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Chutney review at the Bunker, London – ‘surprisingly toothless comedy’

Scene from Chutney at the Bunker, London. Photo: Rah Petherbridge
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Reece Connolly’s Chutney concerns a frustrated young couple who embark on a spree of animal killings to alleviate their boredom. But this idea is simply not strong enough to warrant stretching out over two hours.

Gregg and Claire are two hateful 20-somethings who feel stifled by their sanitised existence, and discover a shared, sexually-driven bloodlust after spontaneously ripping apart a neighbour’s puppy. Suddenly life is worth living. They shove hedgehogs in the blender. They crossbow cats in the park. They squeeze bunnies until they pop.

What’s supposed to be a dark comedy about the twisting power of suburban banality, is neither particularly insightful nor particularly funny. Given such a promisingly perverse premise, the humour is disappointingly basic – mundane, middle-class, Michael McIntyre-style gags about Amazon Prime and Thai green curry.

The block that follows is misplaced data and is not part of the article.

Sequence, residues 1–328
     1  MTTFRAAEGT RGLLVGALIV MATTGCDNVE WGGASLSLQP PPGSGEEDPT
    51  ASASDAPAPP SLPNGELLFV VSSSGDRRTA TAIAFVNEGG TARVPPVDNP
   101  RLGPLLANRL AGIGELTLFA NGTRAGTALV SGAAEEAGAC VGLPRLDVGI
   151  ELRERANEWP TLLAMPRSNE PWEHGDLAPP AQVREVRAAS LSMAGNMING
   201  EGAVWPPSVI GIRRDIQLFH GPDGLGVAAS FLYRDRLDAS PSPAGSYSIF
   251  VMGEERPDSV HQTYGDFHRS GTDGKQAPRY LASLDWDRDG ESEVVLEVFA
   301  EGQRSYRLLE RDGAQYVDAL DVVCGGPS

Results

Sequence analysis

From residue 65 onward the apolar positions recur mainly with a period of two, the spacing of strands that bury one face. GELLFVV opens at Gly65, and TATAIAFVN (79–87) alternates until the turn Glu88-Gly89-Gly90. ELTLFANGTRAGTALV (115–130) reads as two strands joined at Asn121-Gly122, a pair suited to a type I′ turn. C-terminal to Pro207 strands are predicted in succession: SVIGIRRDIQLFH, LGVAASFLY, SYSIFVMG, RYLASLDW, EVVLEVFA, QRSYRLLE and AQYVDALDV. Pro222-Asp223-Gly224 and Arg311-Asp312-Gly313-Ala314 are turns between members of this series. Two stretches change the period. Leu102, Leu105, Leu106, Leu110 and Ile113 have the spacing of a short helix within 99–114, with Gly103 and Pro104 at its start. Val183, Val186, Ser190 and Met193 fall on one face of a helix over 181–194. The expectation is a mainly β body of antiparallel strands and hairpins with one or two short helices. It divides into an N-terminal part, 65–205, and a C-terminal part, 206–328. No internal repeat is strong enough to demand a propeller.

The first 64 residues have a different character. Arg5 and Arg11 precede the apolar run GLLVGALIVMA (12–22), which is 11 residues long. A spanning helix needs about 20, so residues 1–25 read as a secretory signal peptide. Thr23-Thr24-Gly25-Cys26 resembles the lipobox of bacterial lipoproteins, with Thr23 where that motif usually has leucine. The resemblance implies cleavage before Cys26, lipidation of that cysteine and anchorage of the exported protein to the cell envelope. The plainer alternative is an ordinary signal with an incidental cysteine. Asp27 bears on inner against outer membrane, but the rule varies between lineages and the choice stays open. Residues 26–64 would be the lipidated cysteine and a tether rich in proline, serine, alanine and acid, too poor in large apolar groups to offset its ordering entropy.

There are a few good jokes in here, but barely enough to sustain a short Mitchell and Webb sketch, certainly not enough to be eked out over two hour-long acts.

Georgie Staight’s production does a few things well. It unfolds dynamically on Jasmine Swan’s wipe-clean, kitchen-island set, and the animal executions are convincingly done – the hedgehog one is particularly graphic. It also boasts a decent performance from Isabel Della-Porta, who has a delectable, Vanessa Kirby-ish blitheness to her delivery as Claire.

But none of that is enough to disguise the fatal flatness of the play. For a show with so much animalistic violence, Chutney is surprisingly toothless.

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Toothless, blood-spattered black comedy about the suffocating power of suburbia